02/10/2007. Contributed by Jessica Martin
A British dinosaur hunter has come across what he says may be the world's first T.rex footprint. The metre-square print has been found in the arid badlands of North America, and has been lying there for 67 million years. For generations, finding a T.rex footprint has been seen by many as the Holy Grail of palaeontology.
The discovery by Dr Phil Manning, from the University of Manchester's School of Earth, Atmospheric & Environmental Sciences, of a possible footprint is the centre piece of a special half-hour documentary for Inside Out on BBC One North West (Wednesday 10th October 2007, 7.30pm). Tyrannosaurus rex was one of the last dinosaurs to exist before the entire species was wiped out in a mass extinction. It was a flesh eating giant, standing 20 feet tall, 40 feet long and weighing in at about seven tons.
Only about 50 partial skeletons have been recovered since fossil hunters started looking for what was one of the largest carnivores to live on earth. All of the remains have been found in the Hell Creek area of America.
Dr Manning, who has travelled the world in search of dinosaur remains, has returned to a footprint he came across last year. Now he has been able to make a detailed study of the print.
"People have been trying to find T.rex tracks for a hundred years," Manning told SFcrowsnest.com. "Unless you come across an animal dead in its tracks you can't say for definite what left them. However with information available about the numbers of T.rex in the rocks of the Hell Creek formation it is the closest we have got so far to discovering a tyrannosaur track. And it could only be made by one of the two species known from Hell Creek - either the Nanotyrannus or its bigger relative Tyrannosaurus rex. The size of the footprint at 76 cm in length suggests it more likely to be the latter."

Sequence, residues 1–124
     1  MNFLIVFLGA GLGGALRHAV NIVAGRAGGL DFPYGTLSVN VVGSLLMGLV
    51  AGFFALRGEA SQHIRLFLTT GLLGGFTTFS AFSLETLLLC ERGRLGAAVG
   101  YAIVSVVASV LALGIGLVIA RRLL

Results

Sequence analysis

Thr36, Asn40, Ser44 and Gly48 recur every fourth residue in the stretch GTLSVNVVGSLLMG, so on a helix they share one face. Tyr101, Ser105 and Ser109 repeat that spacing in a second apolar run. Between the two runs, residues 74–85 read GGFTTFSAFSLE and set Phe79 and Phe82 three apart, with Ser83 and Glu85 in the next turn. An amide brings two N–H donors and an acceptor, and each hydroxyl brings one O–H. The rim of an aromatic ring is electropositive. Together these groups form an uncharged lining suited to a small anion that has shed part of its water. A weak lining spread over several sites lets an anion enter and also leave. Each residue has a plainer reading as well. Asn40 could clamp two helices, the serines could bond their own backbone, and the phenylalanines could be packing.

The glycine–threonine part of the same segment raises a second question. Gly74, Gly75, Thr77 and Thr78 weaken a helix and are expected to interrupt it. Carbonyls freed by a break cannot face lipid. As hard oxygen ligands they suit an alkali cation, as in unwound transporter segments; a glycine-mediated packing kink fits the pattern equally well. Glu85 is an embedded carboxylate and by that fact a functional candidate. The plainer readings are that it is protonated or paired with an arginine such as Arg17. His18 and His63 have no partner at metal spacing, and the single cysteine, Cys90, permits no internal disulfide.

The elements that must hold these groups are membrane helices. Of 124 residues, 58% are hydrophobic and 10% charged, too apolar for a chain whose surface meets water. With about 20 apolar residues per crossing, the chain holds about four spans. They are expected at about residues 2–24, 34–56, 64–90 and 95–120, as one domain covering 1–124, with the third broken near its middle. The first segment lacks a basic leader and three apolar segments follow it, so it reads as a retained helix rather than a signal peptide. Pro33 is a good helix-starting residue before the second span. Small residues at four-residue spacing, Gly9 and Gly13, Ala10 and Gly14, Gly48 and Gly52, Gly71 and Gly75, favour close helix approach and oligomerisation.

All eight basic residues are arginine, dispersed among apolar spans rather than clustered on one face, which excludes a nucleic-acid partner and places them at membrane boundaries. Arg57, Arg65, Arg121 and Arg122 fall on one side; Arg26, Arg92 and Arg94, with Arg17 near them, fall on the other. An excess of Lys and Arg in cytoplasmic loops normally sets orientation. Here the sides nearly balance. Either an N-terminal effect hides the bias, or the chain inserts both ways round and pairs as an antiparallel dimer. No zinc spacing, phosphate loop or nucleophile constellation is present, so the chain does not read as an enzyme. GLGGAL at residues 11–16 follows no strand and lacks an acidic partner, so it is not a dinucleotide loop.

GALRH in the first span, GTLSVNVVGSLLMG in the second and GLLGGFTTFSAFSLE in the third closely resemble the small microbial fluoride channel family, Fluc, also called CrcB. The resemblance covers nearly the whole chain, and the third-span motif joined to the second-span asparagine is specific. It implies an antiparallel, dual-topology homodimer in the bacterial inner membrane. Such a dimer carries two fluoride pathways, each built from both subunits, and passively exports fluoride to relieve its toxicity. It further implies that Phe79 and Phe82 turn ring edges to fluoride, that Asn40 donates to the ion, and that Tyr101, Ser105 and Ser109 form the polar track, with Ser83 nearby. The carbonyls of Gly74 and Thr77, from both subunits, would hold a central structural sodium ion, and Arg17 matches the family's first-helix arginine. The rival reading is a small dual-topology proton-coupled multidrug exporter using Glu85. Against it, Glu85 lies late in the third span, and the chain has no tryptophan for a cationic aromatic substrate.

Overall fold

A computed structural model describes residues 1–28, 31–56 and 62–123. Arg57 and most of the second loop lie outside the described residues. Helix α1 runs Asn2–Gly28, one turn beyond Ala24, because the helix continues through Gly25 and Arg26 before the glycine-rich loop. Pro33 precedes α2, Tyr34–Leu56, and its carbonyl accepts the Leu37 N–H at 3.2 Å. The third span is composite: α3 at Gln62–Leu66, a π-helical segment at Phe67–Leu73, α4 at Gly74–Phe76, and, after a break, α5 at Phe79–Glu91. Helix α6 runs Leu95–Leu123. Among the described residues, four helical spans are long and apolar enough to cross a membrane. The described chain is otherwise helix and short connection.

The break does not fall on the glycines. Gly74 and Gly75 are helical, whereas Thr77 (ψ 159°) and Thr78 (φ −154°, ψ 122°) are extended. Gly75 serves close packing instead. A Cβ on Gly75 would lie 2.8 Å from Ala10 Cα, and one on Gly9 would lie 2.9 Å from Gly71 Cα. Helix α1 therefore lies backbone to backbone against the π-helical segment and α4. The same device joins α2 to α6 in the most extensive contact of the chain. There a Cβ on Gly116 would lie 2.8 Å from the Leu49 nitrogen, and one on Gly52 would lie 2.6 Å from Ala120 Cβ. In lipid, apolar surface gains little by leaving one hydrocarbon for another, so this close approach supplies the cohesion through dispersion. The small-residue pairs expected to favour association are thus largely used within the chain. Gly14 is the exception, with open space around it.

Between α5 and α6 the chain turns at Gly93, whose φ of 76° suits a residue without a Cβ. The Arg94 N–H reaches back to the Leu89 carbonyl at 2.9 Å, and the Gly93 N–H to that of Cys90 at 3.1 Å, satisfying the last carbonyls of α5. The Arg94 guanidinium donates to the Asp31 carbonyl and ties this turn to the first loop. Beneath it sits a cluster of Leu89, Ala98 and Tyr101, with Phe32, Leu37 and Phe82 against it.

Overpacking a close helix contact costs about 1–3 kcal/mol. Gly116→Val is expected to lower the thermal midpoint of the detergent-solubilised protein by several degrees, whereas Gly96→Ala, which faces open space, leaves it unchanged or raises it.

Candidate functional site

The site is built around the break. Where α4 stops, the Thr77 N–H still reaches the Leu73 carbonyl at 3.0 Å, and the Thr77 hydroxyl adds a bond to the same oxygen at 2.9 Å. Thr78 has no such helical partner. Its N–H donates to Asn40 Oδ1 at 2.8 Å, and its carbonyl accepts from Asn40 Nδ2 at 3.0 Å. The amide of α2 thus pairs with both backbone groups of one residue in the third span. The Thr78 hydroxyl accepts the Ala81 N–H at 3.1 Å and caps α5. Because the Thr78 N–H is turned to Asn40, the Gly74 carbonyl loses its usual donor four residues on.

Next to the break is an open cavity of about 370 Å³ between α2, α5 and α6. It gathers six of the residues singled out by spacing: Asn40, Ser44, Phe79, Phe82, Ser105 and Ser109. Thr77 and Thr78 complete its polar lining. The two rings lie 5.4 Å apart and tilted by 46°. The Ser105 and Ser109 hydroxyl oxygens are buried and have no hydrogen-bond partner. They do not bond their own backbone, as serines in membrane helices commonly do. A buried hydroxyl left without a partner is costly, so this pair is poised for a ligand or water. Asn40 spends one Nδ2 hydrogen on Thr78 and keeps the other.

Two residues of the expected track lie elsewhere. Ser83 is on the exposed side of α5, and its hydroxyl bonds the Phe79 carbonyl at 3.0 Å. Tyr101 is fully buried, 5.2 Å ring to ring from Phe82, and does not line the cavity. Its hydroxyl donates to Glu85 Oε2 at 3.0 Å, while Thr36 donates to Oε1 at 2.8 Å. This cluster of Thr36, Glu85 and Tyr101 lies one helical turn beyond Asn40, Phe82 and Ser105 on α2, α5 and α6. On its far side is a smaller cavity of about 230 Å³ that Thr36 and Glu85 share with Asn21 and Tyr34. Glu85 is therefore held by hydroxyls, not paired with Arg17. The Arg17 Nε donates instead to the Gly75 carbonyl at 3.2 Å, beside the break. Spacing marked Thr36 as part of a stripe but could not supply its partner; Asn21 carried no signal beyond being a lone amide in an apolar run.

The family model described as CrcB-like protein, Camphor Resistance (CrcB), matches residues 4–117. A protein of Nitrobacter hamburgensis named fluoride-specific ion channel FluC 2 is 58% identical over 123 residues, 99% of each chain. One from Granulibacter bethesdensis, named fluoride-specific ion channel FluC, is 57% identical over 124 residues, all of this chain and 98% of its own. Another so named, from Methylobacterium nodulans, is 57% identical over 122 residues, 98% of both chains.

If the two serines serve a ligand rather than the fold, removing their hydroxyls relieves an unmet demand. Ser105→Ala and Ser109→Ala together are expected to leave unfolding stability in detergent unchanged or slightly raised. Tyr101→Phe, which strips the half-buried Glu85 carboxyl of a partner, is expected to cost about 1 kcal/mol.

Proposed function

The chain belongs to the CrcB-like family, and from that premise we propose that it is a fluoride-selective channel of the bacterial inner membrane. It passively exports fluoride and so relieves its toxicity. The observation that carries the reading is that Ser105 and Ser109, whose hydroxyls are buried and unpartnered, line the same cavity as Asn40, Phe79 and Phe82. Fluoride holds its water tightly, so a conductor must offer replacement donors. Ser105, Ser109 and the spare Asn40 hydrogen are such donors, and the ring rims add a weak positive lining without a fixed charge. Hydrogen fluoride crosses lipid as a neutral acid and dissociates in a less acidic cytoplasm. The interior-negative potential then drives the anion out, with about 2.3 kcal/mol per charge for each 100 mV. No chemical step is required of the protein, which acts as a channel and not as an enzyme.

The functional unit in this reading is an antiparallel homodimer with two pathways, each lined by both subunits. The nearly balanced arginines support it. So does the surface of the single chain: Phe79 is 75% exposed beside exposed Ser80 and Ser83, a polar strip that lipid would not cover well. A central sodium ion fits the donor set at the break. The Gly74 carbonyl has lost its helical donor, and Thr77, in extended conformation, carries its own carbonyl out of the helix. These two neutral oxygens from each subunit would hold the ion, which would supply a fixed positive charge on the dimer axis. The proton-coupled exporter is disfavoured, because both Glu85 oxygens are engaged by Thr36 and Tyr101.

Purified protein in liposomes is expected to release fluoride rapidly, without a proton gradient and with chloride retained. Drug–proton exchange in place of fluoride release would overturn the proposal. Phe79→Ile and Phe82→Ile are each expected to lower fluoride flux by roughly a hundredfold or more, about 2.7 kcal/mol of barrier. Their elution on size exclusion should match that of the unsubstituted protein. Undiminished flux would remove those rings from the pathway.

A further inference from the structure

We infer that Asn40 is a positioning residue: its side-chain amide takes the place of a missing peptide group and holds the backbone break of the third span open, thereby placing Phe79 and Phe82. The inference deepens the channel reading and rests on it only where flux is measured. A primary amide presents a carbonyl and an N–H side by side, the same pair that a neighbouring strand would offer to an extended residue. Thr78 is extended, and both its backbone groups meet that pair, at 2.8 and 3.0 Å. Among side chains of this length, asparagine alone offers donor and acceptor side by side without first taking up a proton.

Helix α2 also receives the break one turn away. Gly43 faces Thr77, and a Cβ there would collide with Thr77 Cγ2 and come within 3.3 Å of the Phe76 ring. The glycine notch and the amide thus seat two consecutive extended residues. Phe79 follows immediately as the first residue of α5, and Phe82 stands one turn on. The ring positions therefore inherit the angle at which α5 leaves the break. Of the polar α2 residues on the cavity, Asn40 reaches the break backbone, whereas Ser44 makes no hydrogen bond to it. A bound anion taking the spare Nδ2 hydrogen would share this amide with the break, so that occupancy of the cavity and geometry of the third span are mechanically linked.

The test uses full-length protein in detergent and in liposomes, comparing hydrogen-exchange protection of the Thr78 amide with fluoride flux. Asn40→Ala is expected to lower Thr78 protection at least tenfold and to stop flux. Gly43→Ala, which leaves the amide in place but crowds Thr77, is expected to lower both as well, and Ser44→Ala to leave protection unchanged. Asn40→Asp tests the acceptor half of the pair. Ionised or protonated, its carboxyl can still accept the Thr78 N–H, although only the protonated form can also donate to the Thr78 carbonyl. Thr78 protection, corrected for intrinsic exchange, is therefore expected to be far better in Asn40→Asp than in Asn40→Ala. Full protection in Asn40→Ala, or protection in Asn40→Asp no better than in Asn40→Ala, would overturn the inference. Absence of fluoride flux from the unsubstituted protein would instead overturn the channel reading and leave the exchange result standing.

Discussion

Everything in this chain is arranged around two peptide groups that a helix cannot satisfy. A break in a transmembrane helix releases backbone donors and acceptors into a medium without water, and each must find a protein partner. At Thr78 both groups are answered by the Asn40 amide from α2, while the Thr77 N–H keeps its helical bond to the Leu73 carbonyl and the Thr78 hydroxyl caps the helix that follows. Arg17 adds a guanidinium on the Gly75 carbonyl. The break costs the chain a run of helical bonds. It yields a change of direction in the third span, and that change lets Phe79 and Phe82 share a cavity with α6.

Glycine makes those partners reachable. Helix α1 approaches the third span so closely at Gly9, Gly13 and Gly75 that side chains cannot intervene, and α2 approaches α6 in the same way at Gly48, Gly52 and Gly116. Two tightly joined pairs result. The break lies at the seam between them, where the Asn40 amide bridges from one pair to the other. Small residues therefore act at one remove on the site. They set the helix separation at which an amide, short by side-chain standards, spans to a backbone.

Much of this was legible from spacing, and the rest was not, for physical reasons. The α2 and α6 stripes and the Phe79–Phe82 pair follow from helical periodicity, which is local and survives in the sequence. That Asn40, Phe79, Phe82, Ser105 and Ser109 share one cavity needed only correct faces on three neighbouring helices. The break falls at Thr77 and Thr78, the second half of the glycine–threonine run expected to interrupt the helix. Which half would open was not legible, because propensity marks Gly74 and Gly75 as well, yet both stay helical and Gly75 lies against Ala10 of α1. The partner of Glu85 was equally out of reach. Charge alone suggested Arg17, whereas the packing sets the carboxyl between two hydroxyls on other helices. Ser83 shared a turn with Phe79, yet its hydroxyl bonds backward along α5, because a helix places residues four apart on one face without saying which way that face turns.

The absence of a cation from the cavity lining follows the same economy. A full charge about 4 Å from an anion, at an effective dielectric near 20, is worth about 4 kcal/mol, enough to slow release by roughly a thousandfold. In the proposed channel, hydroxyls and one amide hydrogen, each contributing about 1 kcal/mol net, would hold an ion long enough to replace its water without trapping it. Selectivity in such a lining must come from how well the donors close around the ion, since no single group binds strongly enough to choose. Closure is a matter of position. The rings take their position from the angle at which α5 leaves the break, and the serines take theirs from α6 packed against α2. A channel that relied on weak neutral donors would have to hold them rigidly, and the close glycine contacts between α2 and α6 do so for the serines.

Manning's drawings and photos will now provide the basis for a scientific paper which he is looking to publish shortly. Dr Manning cannot say he has found a T.rex print until others have had their chance to study his findings. But he adds, "There is no such thing as a truth in science, so for us this is as close as we get to what I think is a fantastic find."
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